EU milk quotas, introduced in 1984 as a temporary measure to address the issue of over production, end today - the final day of the 2014/15 season.
Work to dismantle the system began in 2003, when EU Member States and the EC decided to only extend EU milk quotas to 2015.
Since then, measures, including a gradual increase in national quotas, have been implemented to ensure a "soft landing."
In a statement, Phil Hogan, EC Commissioner for Agriculture and Rural Development, welcomed the start of a "new era."
"The end of the era of milk quotas represents the closing of a chapter in the history of the European - and indeed global - dairy sector," said Hogan.
"It represents the opening of a new chapter - a new era without production constraints," he said.
He said last week that the milk quota abolition represents "both a challenge and an opportunity" for EU Member States.
Alexander Anton, secretary general, European Dairy Association (EDA) said the abolition will "naturally further enhance the competitiveness of the whole sector."
"For decades dairy companies have been in charge of managing the milk quota system at their level, including the levying of the superlevy payment," he said.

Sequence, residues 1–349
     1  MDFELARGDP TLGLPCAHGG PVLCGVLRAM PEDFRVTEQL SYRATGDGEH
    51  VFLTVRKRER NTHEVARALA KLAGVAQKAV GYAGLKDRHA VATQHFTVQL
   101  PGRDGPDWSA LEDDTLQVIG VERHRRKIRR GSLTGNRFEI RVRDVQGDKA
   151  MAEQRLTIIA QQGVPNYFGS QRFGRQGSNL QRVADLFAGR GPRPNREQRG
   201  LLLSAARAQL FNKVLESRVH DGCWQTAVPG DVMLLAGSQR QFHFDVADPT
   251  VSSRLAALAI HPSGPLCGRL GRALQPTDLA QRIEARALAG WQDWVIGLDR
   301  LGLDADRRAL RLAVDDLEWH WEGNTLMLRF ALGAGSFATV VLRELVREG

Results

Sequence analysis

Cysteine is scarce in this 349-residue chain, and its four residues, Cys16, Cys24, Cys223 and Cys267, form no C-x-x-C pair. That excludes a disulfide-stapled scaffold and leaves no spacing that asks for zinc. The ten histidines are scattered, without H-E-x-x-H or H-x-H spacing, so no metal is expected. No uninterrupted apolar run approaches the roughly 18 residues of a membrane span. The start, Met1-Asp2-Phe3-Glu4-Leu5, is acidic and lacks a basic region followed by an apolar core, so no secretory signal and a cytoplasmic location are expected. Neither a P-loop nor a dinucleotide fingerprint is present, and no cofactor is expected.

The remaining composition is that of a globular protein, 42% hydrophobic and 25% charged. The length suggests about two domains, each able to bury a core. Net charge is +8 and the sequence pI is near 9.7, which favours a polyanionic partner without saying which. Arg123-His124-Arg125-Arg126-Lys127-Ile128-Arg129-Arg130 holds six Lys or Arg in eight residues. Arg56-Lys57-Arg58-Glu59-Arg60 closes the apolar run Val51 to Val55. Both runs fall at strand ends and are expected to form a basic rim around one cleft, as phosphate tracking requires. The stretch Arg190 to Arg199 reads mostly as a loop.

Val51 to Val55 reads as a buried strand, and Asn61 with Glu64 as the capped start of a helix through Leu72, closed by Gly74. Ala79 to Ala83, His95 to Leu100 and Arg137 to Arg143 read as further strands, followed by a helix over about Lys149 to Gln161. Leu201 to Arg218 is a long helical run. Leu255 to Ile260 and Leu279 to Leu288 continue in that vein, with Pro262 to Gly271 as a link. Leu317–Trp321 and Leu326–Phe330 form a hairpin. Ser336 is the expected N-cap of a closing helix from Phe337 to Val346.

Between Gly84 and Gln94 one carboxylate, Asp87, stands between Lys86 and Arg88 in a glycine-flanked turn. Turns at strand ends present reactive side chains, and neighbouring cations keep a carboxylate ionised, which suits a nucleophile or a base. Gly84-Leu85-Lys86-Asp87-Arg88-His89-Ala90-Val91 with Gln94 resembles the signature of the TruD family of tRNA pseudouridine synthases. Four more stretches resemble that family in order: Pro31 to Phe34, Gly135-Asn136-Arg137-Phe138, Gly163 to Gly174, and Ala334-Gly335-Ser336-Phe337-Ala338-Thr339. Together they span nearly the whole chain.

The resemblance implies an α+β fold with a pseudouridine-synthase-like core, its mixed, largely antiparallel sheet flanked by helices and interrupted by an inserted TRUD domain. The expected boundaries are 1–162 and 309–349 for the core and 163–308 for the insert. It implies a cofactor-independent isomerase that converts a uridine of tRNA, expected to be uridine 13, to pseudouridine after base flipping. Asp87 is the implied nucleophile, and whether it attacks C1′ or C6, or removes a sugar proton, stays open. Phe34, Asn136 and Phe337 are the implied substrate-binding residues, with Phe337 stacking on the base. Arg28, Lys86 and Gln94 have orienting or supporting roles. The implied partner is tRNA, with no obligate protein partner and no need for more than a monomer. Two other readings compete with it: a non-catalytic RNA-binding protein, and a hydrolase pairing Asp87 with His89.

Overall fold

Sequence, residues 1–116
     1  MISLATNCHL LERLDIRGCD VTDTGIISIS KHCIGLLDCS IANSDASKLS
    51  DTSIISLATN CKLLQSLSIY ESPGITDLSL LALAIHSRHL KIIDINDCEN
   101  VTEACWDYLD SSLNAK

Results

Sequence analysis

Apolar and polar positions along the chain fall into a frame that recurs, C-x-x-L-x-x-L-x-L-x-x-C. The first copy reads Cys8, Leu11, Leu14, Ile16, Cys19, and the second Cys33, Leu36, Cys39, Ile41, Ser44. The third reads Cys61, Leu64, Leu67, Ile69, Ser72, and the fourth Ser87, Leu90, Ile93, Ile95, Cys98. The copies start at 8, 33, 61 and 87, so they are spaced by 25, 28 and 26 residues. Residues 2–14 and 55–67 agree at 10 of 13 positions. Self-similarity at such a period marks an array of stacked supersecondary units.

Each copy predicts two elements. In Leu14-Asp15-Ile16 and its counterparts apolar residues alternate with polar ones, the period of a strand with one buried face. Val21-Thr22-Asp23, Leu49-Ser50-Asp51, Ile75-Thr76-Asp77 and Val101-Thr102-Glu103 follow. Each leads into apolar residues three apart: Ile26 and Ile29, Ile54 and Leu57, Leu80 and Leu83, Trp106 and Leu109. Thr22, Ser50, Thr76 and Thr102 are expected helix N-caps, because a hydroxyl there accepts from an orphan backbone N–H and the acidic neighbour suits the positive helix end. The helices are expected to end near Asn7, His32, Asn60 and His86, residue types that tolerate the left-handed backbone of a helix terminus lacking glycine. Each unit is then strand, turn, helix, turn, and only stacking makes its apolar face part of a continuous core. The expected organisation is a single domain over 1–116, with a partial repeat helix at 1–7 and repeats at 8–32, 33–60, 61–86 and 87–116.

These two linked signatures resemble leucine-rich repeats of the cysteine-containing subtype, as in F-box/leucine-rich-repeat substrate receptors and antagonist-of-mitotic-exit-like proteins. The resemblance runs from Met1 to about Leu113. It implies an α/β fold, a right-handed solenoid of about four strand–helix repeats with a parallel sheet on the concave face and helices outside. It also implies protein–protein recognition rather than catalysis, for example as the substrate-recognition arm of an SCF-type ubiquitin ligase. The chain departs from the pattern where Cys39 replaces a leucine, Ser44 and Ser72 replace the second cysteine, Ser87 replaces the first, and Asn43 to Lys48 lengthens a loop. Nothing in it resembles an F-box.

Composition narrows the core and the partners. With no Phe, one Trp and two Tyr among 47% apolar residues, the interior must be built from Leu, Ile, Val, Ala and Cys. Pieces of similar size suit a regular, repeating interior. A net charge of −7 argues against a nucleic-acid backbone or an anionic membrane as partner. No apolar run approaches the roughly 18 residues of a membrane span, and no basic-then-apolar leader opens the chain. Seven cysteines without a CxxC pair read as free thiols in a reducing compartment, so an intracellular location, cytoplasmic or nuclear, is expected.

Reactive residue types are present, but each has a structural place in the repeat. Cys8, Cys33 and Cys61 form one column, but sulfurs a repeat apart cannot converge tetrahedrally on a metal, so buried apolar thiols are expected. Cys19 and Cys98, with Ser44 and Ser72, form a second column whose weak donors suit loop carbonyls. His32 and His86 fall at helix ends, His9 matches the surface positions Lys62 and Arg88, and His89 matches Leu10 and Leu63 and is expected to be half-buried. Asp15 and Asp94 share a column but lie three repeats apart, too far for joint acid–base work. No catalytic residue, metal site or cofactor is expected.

"It goes without saying that the end of the quota will lower the administrative burden at all levels."
Under the system, EU Member State were issued with two national quotas - one for milk deliveries to processors and the other for direct sales at farm level.
Member States that exceeded either quota were issued with a fine, called a superlevy, of €27.83 per 100kg.
In October 2014, farmers in Germany, the Netherlands, Poland, Denmark, Austria, Ireland, Iceland, Cyprus, and Luxembourg were order to pay a total of €409m in fines for exceeding their 2013/14 quotas.
Milk production across the 28 EU Member States is expected to increase just 1% in 2015, but rocket in the long-term.
By 2020 the US Dairy Export Council (USDEC) expects EU Member States to produce 15.4m tonnes (11%) more milk than in 2013.
In its report, 5 Data-Based Forecasts about the end of EU Milk Quotas, USDEC said more than 75% will come from just six Member States - Ireland, Denmark, France, Poland, Germany and the Netherlands.
Additional cheese, whole milk powder (WMP), skim milk powder (SMP) - the "vast majority" from these six Member States - will leave the EU, the USDEC report added.
"The research is clear that more dairy commodities from the EU will lead to increased competition between the major exporting countries, including the United States, New Zealand and EU member nations," it said.